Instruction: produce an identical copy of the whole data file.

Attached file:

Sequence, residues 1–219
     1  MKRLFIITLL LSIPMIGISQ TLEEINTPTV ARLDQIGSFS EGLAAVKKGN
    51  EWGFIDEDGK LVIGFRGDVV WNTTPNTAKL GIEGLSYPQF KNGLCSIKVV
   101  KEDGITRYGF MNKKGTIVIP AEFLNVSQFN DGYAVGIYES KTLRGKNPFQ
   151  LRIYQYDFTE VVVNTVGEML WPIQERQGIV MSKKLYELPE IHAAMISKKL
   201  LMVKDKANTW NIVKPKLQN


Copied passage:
Sequence, residues 1–219
     1  MKRLFIITLL LSIPMIGISQ TLEEINTPTV ARLDQIGSFS EGLAAVKKGN
    51  EWGFIDEDGK LVIGFRGDVV WNTTPNTAKL GIEGLSYPQF KNGLCSIKVV
   101  KEDGITRYGF MNKKGTIVIP AEFLNVSQFN DGYAVGIYES KTLRGKNPFQ
   151  LRIYQYDFTE VVVNTVGEML WPIQERQGIV MSKKLYELPE IHAAMISKKL
   201  LMVKDKANTW NIVKPKLQN